Endocrine Abstracts (2011) 26 OC4.6

No causal relationship between Yersinia enterocolitica infection and autoimmune thyroid disease: evidence from a prospective study

G Effraimidis, J G P Tijssen & W M Wiersinga

Academical Medical Centre, University of Amsterdam, Amsterdam, The Netherlands.

Objective: To evaluate prospectively the relationship between Yersinia Enterocolitica (YE) infection and the development of overt autoimmune hypo- or hyperthyroidism (study A) and the de novo occurrence of thyroid antibodies (study B).

Subjects and methods: Prospective cohort study of 790 euthyroid women who were 1st or 2nd degree relatives of AITD patients. Follow-up was 5 years, with annual assessments.

Study A. Nested case–control study in which YE serological status was measured between cases (subjects who developed overt hypothyroidism (TSH>5.7 mU/l and FT4<9.3 pmol/l) or overt hyperthyroidism (TSH<0.4 mU/l and FT4>20.1 pmol/l)) and matched controls.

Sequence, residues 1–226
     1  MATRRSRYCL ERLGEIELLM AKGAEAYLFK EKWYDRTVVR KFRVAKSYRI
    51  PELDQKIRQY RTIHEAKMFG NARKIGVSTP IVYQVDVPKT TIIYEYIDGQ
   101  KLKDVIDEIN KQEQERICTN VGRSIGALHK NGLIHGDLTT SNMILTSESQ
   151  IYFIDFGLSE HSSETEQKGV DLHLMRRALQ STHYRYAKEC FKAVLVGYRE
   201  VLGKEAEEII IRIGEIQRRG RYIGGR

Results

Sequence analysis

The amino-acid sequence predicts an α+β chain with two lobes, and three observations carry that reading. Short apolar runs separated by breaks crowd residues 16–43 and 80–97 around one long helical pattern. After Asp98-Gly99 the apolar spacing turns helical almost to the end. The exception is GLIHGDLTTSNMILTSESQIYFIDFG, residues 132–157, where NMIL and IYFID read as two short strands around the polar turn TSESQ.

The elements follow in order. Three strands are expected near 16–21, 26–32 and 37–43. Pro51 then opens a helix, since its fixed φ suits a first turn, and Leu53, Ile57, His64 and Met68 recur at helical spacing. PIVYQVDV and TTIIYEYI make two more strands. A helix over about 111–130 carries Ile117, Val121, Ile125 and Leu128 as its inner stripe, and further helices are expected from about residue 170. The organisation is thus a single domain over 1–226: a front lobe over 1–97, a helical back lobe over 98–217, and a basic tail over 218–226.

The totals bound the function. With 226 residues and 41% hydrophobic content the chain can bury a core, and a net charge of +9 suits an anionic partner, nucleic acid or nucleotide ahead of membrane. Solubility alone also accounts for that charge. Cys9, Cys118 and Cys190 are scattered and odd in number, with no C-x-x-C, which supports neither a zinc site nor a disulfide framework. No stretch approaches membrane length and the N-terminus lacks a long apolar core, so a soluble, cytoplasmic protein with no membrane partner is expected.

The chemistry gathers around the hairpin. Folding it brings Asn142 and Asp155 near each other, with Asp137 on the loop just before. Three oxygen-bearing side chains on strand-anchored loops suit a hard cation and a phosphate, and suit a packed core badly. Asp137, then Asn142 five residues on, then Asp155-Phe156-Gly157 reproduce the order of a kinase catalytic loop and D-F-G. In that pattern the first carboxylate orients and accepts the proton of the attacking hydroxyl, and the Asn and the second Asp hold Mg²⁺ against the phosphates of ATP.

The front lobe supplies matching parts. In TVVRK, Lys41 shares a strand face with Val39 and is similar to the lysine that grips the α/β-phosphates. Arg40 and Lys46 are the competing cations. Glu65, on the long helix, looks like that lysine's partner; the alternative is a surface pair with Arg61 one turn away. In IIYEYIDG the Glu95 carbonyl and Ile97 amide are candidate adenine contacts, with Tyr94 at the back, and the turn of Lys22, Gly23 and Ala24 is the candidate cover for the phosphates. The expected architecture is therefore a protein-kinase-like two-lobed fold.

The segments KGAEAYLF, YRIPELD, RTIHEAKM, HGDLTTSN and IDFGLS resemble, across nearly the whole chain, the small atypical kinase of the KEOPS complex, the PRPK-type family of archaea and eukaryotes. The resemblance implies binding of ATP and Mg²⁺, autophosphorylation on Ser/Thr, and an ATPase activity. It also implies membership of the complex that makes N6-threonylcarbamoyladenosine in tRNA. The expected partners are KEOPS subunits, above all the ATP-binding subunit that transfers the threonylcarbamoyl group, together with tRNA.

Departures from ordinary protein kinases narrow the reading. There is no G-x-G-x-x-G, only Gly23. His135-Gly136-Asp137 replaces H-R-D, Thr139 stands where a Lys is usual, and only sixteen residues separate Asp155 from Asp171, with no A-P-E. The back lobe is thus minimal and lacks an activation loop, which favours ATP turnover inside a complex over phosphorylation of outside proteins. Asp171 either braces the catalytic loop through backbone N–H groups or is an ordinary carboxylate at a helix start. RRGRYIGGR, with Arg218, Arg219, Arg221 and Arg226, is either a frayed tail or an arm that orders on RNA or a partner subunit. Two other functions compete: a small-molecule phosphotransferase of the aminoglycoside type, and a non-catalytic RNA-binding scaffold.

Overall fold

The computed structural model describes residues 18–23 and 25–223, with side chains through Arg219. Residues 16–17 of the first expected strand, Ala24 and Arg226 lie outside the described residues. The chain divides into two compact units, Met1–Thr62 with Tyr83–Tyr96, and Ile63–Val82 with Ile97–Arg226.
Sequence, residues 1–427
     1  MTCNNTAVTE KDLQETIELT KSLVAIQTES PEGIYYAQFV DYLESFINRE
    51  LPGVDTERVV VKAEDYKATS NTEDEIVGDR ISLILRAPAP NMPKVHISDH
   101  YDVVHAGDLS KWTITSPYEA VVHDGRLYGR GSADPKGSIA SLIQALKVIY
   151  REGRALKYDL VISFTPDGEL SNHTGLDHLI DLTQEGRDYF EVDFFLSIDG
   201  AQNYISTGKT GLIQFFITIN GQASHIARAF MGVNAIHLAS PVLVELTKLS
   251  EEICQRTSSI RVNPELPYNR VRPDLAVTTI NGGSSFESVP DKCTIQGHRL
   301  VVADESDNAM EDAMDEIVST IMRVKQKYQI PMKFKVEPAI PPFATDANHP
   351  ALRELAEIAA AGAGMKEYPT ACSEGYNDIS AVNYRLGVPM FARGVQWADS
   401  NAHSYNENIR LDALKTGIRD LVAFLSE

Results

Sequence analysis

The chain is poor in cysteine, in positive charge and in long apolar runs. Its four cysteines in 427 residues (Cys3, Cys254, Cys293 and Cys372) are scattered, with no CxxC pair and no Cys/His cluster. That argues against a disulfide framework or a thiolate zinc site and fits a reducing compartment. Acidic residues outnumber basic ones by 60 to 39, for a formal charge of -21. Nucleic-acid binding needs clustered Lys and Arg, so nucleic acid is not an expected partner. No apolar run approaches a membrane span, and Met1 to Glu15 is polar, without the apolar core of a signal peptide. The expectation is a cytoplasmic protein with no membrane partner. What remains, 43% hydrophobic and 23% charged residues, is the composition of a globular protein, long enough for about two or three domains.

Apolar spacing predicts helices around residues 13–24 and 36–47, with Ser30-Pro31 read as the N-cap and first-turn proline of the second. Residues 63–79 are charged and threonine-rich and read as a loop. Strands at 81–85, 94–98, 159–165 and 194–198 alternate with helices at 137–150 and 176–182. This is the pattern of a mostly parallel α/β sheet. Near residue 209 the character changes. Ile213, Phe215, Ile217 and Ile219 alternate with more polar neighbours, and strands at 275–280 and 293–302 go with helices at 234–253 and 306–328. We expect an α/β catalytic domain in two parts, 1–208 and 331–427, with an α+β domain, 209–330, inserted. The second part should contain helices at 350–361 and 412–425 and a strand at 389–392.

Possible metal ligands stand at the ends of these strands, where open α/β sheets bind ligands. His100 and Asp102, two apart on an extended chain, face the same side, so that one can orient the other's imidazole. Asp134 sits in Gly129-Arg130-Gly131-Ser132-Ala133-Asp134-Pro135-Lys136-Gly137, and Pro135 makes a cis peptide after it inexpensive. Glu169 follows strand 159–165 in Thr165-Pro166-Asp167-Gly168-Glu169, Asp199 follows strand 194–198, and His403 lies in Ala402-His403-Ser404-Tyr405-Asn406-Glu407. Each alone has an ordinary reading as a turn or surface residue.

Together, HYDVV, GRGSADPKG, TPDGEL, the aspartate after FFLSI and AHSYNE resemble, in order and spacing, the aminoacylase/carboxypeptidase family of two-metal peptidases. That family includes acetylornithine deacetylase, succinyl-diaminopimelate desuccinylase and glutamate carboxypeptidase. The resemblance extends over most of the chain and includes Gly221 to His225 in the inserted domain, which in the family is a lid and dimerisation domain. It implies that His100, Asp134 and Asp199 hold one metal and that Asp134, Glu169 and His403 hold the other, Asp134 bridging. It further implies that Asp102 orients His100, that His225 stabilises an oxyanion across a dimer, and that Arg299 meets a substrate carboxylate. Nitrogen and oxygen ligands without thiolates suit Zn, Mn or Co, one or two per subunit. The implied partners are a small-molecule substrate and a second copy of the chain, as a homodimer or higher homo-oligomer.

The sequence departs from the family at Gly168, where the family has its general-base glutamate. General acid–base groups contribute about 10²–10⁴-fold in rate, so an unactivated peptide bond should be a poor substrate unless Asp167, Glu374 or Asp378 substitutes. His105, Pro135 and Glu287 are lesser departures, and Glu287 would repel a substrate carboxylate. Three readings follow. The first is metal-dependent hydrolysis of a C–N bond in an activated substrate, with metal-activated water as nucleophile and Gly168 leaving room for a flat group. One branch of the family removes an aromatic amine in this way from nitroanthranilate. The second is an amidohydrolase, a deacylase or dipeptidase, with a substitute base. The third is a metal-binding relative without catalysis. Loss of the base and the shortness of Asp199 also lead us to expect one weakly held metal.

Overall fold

Study B. Three hundred and eighty-eight euthyroid women without thyroid antibodies at baseline were enrolled. The YE serological status was compared between subjects who developed TPO-Ab and/or Tg-Ab at 4-year follow-up and those who remained negative.

Results: Study A. The proportion of subjects positive for YOP-IgG or YOP-IgA did not differ between cases and controls at baseline. One year before the development of overt hypo- or hyperthyroidism, the proportion of subjects with YOP-IgG was not different between cases and controls, but YOP-IgA were less prevalent in cases.

Study B. De novo occurrence of TPO (or TPO-Ab and/or Tg-Ab) did not differ between subjects in whom at baseline YOP-IgG were positive or negative. Neither persistence nor emergence of YOP-IgG at 4-year follow-up was associated with the occurrence of TPO-Ab or Tg-Ab. Similar results were observed with respect to YOP-IgA.

Conclusions: Yersinia enterocolitica infection does not contribute to an increased risk of thyroid autoimmunity.

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